So, not great at all. And I guess this is a risk one takes when investing in a country with weak rule of law, and one reason for risk premiums to be high.
It’s a good thing media covers these type of issues, and I guess it’s not a coincidence that this story appeared after the fall of Gbagbo. I would assume that for a journalist there are few stories more dangerous to cover than lucrative criminal endeavours with links to the top of a non-democratic state. Hopefully, under Ouattara rule these type of criminal operations will decrease or stop altogether, and not just continue but with Ouattara-linked people instead of Gbagbo-linked people benefitting.
A common perception would be that the salary as an employee at a large, developed-world company is safer than income from scattered investments in a small West African country. I’m not so sure.
The developed world salary, (like mine), always comes on time and is always of a known amount, which on the face of it feels quite reassuring. However, it can go to zero quite abruptly, as as companies, even large ones, have a nasty habit of failing quite frequently. For more on that I’d recommend Paul Ormerod’s book Why Most Things Fail where among other things the extinction of species for the last 250 million years is shown to have the same type of probability distribution (power law) as companies going out of business since 1912.
It can be argued that one’s safety as an employee doesn’t lie with the employer, but with one’s skill set and ability to get another job based on these skills. On the other hand, with technological advances and well, stuff happening, whole sectors can decline and even disappear and with them the demand for whole ranges of skills can also disappear. And a fixed regular salary can give the impression that everything is fine and that there’s no need to change anything (like learning new skills) until just before a crash.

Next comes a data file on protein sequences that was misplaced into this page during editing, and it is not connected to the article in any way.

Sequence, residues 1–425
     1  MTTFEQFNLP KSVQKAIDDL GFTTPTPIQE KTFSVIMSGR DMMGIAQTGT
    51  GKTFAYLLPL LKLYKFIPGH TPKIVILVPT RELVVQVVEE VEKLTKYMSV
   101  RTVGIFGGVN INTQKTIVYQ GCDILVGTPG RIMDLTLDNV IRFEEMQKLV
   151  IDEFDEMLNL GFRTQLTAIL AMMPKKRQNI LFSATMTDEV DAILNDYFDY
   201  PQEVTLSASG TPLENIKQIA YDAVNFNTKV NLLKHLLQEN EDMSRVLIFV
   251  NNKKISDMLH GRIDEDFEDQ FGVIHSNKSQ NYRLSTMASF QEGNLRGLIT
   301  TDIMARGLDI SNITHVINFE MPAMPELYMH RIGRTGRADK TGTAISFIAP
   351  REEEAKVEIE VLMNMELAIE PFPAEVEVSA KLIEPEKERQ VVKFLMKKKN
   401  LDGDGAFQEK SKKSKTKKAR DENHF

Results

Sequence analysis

Doom and gloom
I might be reading too much zerohedge and papers by the Bank for International Settlements (ok, I’ve read precisely one), but I’m thinking that the western world has experienced unusually good times in the last decades, and that going forward things might get rougher. What’s approaching can be described as a flock of grey swans involving the effects of:
insolvency of western sovereign states (+ Japan)
insolvency of banks
poor demographics in developed countries
a potential real estate crash in China
and most likely issues I haven’t imagined, ie “unknown unknowns” or true black swans
As for insolvency of banks and systemic international debt crisis, looking back at history, it is a very common phenomenon:
the first true international debt crisis had its roots in loans made by Italian merchants to England starting in the late thirteenth century. In that era, it was Italy that was the developed financial center and England the developing nation rich in natural resources, especially sheep’s wool. As we have already discussed, a sequence of Italian loans helped finance various stages of wars between England and France. When Edward III of England defaulted in 1340 after a series of military failures, the news reached Florence quickly. Because the major banks had lent heavily to Edward, a bank run hit Florence’s economy. The whole affair played out in slow motion by modern standards, but one major Italian lender, the Peruzzi Bank, went bankrupt in 1343, and another, the Bardi Bank, did in 1346.